The September 17th BusinessWeek has a fascinating look Inside The Hidden World Of Earmarks. The tell the story of how the Navy got itself an executive jet that the Pentagon didn’t ask Congress for. Gulfstream lobbied heavily, and the Navy got special funding, known as an earmark. The Georgia Congressional delegation, and Senator Saxby Chambliss in particular, were very helpful - no surprise, since the Gulfstream is built in that state.
BusinessWeek concludes that on average, companies generated roughly $28 in earmark revenue for every dollar they spent lobbying. The top twenty in this game in $100 or more for every dollar spent. For context, the magazine provides these factoids: companies in the Standard & Poor's 500-stock index brought in just $17.52 in revenues for every dollar of capital expenditure in 2006.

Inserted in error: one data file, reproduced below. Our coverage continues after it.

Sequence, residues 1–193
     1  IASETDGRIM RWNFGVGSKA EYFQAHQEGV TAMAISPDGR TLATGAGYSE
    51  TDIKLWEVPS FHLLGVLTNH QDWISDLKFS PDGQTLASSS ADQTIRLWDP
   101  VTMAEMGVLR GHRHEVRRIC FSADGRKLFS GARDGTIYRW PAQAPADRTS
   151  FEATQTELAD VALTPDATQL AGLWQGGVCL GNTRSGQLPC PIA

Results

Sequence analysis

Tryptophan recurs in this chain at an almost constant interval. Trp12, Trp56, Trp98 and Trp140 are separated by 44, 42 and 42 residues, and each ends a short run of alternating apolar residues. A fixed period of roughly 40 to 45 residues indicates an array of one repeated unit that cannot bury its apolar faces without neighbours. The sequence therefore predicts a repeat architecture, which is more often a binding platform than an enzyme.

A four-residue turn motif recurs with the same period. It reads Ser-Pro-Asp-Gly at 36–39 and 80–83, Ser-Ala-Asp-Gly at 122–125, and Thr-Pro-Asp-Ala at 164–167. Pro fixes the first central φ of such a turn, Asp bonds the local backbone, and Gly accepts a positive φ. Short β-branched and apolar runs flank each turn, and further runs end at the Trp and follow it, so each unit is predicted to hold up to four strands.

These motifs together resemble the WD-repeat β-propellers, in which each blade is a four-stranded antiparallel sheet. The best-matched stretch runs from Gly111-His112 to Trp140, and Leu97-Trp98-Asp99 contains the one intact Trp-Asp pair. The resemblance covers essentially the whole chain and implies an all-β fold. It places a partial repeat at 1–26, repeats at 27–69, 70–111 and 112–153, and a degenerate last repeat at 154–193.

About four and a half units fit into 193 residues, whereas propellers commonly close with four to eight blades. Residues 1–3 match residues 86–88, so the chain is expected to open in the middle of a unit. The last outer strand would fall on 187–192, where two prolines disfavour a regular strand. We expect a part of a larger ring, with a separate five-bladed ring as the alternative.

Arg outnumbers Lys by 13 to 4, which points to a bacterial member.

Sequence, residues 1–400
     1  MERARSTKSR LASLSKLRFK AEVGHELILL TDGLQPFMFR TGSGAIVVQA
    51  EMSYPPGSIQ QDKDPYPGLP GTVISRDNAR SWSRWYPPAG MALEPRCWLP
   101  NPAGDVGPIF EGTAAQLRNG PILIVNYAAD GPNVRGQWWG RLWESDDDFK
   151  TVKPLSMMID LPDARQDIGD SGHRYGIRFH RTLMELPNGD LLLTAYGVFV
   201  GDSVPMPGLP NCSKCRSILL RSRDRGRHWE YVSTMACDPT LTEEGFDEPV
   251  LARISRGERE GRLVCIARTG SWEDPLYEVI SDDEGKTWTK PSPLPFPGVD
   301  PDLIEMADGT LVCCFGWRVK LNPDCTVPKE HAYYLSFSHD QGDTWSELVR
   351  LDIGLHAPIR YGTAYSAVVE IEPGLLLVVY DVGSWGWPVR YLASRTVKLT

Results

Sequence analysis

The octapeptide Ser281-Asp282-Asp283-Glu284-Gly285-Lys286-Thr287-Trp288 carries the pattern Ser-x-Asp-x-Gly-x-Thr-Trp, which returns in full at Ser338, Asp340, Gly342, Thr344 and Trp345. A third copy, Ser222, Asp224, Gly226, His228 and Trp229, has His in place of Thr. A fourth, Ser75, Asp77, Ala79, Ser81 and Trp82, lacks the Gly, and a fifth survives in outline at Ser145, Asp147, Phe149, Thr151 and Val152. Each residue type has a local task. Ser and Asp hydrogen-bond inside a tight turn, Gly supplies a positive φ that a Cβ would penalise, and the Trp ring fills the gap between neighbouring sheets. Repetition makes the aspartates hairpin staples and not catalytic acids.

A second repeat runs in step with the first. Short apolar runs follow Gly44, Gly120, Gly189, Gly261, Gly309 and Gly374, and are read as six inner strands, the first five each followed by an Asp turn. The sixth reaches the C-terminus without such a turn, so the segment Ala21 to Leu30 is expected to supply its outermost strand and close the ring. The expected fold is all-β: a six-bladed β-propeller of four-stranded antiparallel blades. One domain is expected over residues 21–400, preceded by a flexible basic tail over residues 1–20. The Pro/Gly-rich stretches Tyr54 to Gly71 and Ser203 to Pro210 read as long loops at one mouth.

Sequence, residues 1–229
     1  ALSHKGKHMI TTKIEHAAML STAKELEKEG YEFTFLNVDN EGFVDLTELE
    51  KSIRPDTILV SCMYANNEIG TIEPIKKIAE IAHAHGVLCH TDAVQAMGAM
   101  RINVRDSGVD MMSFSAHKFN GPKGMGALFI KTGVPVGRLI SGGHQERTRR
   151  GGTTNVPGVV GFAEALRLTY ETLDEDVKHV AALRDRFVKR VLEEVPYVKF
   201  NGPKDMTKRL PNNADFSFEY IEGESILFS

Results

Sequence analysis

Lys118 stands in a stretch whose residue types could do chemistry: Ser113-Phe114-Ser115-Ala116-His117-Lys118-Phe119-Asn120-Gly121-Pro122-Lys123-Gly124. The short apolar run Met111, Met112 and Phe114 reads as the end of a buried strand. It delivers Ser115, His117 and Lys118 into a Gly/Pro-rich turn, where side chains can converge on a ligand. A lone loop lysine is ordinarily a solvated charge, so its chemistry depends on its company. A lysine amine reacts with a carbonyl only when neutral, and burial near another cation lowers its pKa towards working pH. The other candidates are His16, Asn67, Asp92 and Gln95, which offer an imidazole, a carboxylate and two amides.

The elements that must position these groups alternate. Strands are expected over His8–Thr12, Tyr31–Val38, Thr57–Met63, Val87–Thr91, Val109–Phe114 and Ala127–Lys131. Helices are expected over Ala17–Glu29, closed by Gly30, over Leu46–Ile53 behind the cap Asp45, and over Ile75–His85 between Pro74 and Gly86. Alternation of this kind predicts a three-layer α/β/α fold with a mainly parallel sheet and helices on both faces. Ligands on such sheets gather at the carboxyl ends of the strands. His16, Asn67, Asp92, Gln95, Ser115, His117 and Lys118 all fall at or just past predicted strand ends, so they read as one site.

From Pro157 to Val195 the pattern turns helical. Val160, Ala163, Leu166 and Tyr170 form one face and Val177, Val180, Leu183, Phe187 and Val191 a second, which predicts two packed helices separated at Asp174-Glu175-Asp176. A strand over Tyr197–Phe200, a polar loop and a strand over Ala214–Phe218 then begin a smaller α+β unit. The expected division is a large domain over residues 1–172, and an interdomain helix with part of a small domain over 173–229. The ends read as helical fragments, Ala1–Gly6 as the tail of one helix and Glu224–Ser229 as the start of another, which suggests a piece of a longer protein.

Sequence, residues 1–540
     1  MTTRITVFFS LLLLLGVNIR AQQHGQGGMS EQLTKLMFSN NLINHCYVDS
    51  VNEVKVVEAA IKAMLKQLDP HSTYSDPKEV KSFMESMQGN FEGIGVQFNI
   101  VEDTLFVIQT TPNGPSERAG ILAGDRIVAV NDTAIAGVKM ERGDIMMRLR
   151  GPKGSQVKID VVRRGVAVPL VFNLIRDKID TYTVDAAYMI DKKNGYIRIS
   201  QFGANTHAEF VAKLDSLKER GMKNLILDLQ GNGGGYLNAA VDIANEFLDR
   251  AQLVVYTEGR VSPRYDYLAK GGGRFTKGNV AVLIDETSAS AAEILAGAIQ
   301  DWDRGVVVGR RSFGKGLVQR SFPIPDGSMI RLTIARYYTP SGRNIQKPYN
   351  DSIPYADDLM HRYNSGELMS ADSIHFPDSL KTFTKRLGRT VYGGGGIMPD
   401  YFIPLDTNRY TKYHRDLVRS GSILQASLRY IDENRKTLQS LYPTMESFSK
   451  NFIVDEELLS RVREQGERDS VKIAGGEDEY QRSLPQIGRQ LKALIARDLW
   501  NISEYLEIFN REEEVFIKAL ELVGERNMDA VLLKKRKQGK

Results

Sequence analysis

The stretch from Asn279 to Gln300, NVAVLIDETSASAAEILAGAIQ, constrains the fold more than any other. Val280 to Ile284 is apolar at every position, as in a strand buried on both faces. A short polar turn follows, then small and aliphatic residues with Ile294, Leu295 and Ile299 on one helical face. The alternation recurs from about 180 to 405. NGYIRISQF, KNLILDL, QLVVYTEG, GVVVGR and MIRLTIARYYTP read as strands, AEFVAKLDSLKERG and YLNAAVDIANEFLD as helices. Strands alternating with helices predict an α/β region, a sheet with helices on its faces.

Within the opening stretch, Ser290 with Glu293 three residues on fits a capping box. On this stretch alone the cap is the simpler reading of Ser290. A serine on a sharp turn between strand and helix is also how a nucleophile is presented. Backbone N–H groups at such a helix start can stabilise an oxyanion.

In Gulfstream’s case, that exec jet deal was worth $53 million. It was just one of 29 earmarks valued at $169 million given to General Dynamics (its parent) or its subsidiaries that year; a nifty 30:1 ROI given that the company spent only $5.7 million on lobbying in 2004.